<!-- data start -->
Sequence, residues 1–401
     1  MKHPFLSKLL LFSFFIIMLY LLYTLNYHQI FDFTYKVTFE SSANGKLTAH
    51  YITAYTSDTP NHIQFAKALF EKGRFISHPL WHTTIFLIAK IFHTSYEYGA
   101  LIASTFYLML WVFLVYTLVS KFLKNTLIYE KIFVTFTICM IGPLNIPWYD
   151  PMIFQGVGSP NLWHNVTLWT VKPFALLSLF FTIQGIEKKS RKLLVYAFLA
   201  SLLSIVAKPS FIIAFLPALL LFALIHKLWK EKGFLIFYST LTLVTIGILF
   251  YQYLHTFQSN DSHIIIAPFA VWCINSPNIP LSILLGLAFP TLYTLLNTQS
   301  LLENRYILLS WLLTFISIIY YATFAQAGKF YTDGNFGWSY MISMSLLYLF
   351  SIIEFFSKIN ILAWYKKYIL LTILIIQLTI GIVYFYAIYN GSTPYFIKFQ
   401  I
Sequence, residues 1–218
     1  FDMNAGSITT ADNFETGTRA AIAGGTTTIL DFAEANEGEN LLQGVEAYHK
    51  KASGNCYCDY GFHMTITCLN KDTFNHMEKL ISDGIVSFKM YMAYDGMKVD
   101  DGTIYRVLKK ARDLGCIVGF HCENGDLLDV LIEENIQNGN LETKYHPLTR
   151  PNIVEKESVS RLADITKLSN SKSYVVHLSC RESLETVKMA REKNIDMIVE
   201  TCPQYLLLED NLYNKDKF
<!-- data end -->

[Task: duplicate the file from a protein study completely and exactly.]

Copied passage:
Sequence, residues 1–401
     1  MKHPFLSKLL LFSFFIIMLY LLYTLNYHQI FDFTYKVTFE SSANGKLTAH
    51  YITAYTSDTP NHIQFAKALF EKGRFISHPL WHTTIFLIAK IFHTSYEYGA
   101  LIASTFYLML WVFLVYTLVS KFLKNTLIYE KIFVTFTICM IGPLNIPWYD
   151  PMIFQGVGSP NLWHNVTLWT VKPFALLSLF FTIQGIEKKS RKLLVYAFLA
   201  SLLSIVAKPS FIIAFLPALL LFALIHKLWK EKGFLIFYST LTLVTIGILF
   251  YQYLHTFQSN DSHIIIAPFA VWCINSPNIP LSILLGLAFP TLYTLLNTQS
   301  LLENRYILLS WLLTFISIIY YATFAQAGKF YTDGNFGWSY MISMSLLYLF
   351  SIIEFFSKIN ILAWYKKYIL LTILIIQLTI GIVYFYAIYN GSTPYFIKFQ
   401  I
Sequence, residues 1–218
     1  FDMNAGSITT ADNFETGTRA AIAGGTTTIL DFAEANEGEN LLQGVEAYHK
    51  KASGNCYCDY GFHMTITCLN KDTFNHMEKL ISDGIVSFKM YMAYDGMKVD
   101  DGTIYRVLKK ARDLGCIVGF HCENGDLLDV LIEENIQNGN LETKYHPLTR
   151  PNIVEKESVS RLADITKLSN SKSYVVHLSC RESLETVKMA REKNIDMIVE
   201  TCPQYLLLED NLYNKDKF